United Benefit Advisors Insight and Analysis Blog

Small Group Insured Plans and PPACA

By Linda Rowings, Chief Compliance Officer at United Benefit Advisors
  Aug 7, 2014 9:00:00 AM

PPACA brings numerous responsibilities and options to employers. Below is a summary of the PPACA provisions that apply to group health plans and whether the provision applies to insured small group plans (50 or fewer employees) provided inside and outside the SHOP exchange.

Provisions Effective 2014 or Later

chart1Provisions Effective 2010 – 2013


United Benefit Advisors has created reference charts that summarize the PPACA requirements applicable to employers of all types. These new resources cover more than 40 PPACA provisions such as FSA limits, W2 reporting, PCORI fees, exchange notices, eligibility waiting periods, modified community rating, deductible and out of pocket limits, wellness rules, IRS reporting, penalties, cadillac tax and more. View the right tool for you at: 



* Does not apply in whole or part to grandfathered plans; with respect to guaranteed access, open enrollment will be available both inside and outside the exchange each Nov. 15 - Dec. 15 for employers that cannot meet participation requirements for initial issue.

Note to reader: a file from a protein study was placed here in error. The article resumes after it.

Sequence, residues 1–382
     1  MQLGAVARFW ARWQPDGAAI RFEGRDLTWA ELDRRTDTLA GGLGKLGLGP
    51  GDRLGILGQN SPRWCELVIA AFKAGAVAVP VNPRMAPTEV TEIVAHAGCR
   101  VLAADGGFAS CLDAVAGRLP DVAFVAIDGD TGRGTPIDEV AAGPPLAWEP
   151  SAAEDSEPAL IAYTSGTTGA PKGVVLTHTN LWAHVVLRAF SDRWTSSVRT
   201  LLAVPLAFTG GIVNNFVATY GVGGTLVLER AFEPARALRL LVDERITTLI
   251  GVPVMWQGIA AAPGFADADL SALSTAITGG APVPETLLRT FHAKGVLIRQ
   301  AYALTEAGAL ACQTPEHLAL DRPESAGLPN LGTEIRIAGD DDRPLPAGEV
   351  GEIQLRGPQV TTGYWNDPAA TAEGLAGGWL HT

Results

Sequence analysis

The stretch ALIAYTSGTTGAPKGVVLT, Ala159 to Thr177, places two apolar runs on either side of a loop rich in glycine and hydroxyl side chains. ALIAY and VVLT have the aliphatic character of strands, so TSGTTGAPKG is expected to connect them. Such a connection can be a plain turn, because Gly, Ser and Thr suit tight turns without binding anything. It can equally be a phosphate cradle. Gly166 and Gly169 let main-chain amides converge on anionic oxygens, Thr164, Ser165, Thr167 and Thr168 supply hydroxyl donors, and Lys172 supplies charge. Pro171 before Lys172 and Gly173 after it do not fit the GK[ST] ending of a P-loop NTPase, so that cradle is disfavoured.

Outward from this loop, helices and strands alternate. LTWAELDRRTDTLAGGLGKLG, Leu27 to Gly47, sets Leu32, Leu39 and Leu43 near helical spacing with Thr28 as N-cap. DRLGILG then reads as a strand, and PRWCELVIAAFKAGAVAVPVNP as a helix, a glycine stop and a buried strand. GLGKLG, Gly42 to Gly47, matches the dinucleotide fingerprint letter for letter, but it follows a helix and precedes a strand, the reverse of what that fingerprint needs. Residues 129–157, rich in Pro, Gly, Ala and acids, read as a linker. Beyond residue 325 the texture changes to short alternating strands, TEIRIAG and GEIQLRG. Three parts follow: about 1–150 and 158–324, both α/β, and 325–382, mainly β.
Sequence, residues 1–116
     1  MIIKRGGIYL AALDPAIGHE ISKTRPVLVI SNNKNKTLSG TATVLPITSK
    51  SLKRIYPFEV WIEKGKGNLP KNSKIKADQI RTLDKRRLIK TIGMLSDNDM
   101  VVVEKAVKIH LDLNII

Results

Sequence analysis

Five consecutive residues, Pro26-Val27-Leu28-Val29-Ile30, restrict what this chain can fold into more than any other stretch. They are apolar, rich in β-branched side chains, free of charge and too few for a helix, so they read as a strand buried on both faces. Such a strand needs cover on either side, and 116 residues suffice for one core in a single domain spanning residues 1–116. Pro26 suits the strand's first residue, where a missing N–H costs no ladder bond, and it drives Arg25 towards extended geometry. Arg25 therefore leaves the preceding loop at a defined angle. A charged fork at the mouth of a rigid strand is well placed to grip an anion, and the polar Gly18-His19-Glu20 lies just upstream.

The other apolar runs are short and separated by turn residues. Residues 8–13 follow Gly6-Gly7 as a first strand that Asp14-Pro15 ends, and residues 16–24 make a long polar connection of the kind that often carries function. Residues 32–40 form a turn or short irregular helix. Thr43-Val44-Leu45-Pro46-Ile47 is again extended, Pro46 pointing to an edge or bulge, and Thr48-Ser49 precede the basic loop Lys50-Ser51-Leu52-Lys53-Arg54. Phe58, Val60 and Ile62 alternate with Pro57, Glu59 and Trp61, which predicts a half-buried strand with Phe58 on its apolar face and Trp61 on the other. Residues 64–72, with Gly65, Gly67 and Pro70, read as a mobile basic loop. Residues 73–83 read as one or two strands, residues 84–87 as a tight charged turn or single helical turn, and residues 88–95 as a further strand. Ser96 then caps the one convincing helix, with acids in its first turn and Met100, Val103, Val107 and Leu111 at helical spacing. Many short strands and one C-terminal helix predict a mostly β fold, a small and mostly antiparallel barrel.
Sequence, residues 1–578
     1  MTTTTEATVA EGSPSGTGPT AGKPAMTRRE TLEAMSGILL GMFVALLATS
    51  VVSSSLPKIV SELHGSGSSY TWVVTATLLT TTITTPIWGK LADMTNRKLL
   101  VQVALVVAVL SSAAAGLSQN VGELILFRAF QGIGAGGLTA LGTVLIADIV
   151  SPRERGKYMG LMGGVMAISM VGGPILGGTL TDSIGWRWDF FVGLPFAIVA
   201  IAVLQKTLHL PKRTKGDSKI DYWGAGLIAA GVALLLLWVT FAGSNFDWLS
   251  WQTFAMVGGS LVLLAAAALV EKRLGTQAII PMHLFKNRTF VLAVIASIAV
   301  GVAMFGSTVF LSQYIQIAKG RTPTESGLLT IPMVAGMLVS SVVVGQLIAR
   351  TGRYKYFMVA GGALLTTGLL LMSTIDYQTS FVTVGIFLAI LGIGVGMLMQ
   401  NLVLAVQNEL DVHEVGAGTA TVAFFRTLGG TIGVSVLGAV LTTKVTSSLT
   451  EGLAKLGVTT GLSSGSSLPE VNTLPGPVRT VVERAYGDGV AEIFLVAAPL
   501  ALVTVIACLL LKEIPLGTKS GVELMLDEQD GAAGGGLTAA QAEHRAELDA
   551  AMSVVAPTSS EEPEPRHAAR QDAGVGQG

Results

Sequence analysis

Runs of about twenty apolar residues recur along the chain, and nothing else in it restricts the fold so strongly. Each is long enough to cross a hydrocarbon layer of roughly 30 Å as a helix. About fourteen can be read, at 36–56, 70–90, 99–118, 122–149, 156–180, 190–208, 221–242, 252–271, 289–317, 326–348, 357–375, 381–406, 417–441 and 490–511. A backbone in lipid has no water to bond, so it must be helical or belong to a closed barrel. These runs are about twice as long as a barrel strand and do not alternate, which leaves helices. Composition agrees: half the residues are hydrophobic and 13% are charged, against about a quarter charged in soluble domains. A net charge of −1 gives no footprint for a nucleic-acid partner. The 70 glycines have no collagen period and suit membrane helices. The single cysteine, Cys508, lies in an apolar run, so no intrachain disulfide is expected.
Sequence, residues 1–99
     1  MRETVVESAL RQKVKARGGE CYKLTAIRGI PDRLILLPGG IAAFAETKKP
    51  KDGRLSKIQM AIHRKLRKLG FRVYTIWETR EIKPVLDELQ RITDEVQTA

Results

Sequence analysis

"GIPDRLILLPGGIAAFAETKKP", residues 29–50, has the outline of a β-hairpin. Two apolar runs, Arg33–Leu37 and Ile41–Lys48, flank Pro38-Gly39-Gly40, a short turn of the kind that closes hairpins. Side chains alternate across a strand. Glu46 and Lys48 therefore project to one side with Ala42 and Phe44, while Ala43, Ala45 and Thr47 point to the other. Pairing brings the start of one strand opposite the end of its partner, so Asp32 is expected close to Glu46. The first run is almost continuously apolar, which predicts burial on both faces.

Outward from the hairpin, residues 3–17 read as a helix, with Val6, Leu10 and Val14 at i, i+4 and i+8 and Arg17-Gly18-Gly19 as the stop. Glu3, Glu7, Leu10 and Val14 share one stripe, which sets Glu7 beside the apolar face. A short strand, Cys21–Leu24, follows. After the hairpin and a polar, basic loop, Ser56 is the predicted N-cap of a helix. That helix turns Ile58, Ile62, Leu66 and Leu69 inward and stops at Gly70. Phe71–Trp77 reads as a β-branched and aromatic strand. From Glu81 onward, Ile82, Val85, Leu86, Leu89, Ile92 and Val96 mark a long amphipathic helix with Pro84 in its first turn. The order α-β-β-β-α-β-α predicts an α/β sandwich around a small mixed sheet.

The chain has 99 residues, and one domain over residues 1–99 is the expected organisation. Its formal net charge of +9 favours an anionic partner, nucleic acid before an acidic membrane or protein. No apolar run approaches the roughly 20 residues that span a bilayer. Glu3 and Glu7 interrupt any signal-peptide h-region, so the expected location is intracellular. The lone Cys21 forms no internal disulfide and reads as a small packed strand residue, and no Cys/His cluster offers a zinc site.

# States have the option to renew policies that do not meet all of the PPACA requirements through Oct. 1, 2016.  If renewal of “non-compliant” policies is allowed, this requirement will not apply to those renewed policies.

Note: For 2014 and 2015 a group is considered “small” for the insurance market requirements of PPACA if the group has 50 or fewer employees.  Beginning in 2016, a group will be considered “small” for the insurance market requirements if the group has 100 or fewer employees. (In most states part-time employees count pro rata toward full-time equivalent employees using the same method as the employer shared responsibility/play or pay requirement.)

In contrast, for purposes of the employer shared responsibility/play or pay requirement, for 2015 an employer generally will not be considered “large” unless it has 100 or more full-time or full-time equivalent employees.  Beginning in 2016, an employer will not be considered “large” for purposes of the employer shared responsibility/play or pay requirement unless it has 50 or more full-time or full-time equivalent employees.


Topics: PPACA, health insurance exchanges, employee wellness, retirement, health marketplace, small group employers, Group health plans, private insurance exchange, benefit communication, benefit consultants, benefit management, compliance with health care reform, employee health, group health insurance, healthcare consumerism, health plan compliance, health reimbursement account, insurance solutions, medical plan, self funded health plans, small business